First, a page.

Wednesday, February 22, 2012

A Winter's Tale

The Snow Child
by Eowyn Ivey

“Like many fairy tales, there are many different ways it is told, but it always begins the same. An old man and an old woman live happily in their small cottage in the forest, but for one sorrow: they have no children of their own. One winter’s day, they build a girl of snow.”

The quote above is about the Russian fairy tale that is the basis of Eowyn Ivey’s debut novel, The Snow Child. Set in Wolverine River, Alaska, shortly after WWI, a middle-aged couple is struggling to get their footing as homesteaders. Mable and Jack fled Pennsylvania in an attempt to escape their enduring sorrow over the stillbirth of their only child ten years prior. The couple is loving, but lonely on their own, their fondest wish having never been fulfilled.

One night, in an unusual fit of whimsy, the two fashion a snow girl, detailed down to the berry juice that stains her lips and a hand-knit scarf and mittens. The next morning, the sculpture is reduced to a lump of snow; the scarf and mittens are nowhere to be found. But over the next several days, both Jack and Mable spot a small, blonde girl at the edge of the woods near their home, on her own in the harsh environment. They see footprints in the snow. No one seems to know of a child in the area. No one seems to believe in a child in the area. But eventually Jack and Mable forge a relationship with this almost feral and quite possibly otherworldly child.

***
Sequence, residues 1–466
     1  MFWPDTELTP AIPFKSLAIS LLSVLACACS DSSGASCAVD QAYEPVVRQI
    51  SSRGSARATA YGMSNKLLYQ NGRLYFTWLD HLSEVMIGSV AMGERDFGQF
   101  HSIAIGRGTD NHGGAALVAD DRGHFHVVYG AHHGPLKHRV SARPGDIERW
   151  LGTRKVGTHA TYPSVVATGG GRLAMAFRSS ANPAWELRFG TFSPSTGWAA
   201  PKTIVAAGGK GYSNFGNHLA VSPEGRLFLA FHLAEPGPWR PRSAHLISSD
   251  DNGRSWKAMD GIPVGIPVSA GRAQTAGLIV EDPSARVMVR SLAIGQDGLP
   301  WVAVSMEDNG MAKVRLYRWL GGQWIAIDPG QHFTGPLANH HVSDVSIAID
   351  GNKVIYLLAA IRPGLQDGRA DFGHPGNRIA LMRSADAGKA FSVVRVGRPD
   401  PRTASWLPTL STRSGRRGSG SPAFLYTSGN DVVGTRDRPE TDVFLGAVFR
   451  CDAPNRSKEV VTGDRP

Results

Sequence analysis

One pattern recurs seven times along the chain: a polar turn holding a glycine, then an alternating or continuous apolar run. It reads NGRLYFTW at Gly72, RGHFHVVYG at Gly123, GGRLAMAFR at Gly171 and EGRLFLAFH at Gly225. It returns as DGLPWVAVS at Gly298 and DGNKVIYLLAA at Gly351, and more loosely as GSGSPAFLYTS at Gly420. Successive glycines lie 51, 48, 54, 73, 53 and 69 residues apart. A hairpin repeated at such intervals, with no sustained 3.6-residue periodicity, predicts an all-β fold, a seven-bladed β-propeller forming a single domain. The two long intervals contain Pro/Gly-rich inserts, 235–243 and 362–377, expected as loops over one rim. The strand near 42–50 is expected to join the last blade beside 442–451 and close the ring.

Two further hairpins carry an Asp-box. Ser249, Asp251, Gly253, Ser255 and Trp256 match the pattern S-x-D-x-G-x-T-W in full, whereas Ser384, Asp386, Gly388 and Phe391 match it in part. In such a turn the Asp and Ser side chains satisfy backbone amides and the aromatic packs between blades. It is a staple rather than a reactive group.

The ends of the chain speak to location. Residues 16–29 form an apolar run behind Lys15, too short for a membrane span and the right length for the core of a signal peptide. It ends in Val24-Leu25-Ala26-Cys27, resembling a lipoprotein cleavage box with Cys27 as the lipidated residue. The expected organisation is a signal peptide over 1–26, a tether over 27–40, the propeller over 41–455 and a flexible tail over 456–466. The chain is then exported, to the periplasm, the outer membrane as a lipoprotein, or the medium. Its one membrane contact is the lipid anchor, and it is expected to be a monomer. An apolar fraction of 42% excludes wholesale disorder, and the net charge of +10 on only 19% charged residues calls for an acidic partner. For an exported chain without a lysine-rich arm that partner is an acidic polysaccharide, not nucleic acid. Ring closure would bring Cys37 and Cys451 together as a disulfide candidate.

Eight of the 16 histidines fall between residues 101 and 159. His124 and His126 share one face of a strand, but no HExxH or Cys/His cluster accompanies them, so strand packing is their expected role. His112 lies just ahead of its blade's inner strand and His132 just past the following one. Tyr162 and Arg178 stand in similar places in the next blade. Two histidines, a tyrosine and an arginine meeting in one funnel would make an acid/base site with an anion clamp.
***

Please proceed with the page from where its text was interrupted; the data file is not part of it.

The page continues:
And that is the beginning of an exquisite and truly magical tale. Gently, gently the tale expands. An Alaskan herself, Ivey brings her landscape to life, in all its wintery beauty. Her use of language is likewise beautiful. Her characters are understated. Their lives are hard. But she takes the time to allow them to develop and show all of their subtle colors. New friends bring new life to this damaged couple, and do much to lighten and enliven the tale. The story unfolds in unexpected directions, and I kept changing my mind about whether I was reading realism or magical realism. I never knew how the tale would end. There was so much potential for both joy and tragedy. Ultimately, The Snow Child was enchanting from start to finish.

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